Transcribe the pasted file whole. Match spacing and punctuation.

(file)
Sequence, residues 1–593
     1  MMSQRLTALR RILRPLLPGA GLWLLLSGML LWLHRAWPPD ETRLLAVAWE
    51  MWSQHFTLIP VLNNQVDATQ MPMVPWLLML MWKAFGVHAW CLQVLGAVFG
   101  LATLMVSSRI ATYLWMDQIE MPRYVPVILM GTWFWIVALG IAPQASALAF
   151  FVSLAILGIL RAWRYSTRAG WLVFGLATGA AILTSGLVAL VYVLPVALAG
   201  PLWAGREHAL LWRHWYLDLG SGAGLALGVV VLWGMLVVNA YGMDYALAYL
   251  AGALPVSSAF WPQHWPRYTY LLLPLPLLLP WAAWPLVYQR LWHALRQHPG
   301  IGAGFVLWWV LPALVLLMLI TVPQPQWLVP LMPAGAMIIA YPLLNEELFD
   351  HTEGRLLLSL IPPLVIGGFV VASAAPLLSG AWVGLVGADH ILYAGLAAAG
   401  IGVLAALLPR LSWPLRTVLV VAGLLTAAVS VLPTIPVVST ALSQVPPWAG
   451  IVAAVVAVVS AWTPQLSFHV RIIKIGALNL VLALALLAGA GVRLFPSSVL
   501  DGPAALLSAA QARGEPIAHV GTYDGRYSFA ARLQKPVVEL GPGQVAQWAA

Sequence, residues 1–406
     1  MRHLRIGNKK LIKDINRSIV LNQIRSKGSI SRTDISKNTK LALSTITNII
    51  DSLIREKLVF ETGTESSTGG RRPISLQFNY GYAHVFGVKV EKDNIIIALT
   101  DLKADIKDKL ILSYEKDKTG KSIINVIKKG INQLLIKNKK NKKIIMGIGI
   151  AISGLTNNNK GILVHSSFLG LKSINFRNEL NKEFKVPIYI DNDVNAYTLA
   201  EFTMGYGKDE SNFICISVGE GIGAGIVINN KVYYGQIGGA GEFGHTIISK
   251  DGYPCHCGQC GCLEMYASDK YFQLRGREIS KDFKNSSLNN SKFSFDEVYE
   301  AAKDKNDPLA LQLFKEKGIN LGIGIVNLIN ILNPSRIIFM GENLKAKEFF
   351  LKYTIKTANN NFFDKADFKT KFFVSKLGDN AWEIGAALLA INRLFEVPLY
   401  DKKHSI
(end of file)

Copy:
Sequence, residues 1–593
     1  MMSQRLTALR RILRPLLPGA GLWLLLSGML LWLHRAWPPD ETRLLAVAWE
    51  MWSQHFTLIP VLNNQVDATQ MPMVPWLLML MWKAFGVHAW CLQVLGAVFG
   101  LATLMVSSRI ATYLWMDQIE MPRYVPVILM GTWFWIVALG IAPQASALAF
   151  FVSLAILGIL RAWRYSTRAG WLVFGLATGA AILTSGLVAL VYVLPVALAG
   201  PLWAGREHAL LWRHWYLDLG SGAGLALGVV VLWGMLVVNA YGMDYALAYL
   251  AGALPVSSAF WPQHWPRYTY LLLPLPLLLP WAAWPLVYQR LWHALRQHPG
   301  IGAGFVLWWV LPALVLLMLI TVPQPQWLVP LMPAGAMIIA YPLLNEELFD
   351  HTEGRLLLSL IPPLVIGGFV VASAAPLLSG AWVGLVGADH ILYAGLAAAG
   401  IGVLAALLPR LSWPLRTVLV VAGLLTAAVS VLPTIPVVST ALSQVPPWAG
   451  IVAAVVAVVS AWTPQLSFHV RIIKIGALNL VLALALLAGA GVRLFPSSVL
   501  DGPAALLSAA QARGEPIAHV GTYDGRYSFA ARLQKPVVEL GPGQVAQWAA

Sequence, residues 1–406
     1  MRHLRIGNKK LIKDINRSIV LNQIRSKGSI SRTDISKNTK LALSTITNII
    51  DSLIREKLVF ETGTESSTGG RRPISLQFNY GYAHVFGVKV EKDNIIIALT
   101  DLKADIKDKL ILSYEKDKTG KSIINVIKKG INQLLIKNKK NKKIIMGIGI
   151  AISGLTNNNK GILVHSSFLG LKSINFRNEL NKEFKVPIYI DNDVNAYTLA
   201  EFTMGYGKDE SNFICISVGE GIGAGIVINN KVYYGQIGGA GEFGHTIISK
   251  DGYPCHCGQC GCLEMYASDK YFQLRGREIS KDFKNSSLNN SKFSFDEVYE
   301  AAKDKNDPLA LQLFKEKGIN LGIGIVNLIN ILNPSRIIFM GENLKAKEFF
   351  LKYTIKTANN NFFDKADFKT KFFVSKLGDN AWEIGAALLA INRLFEVPLY
   401  DKKHSI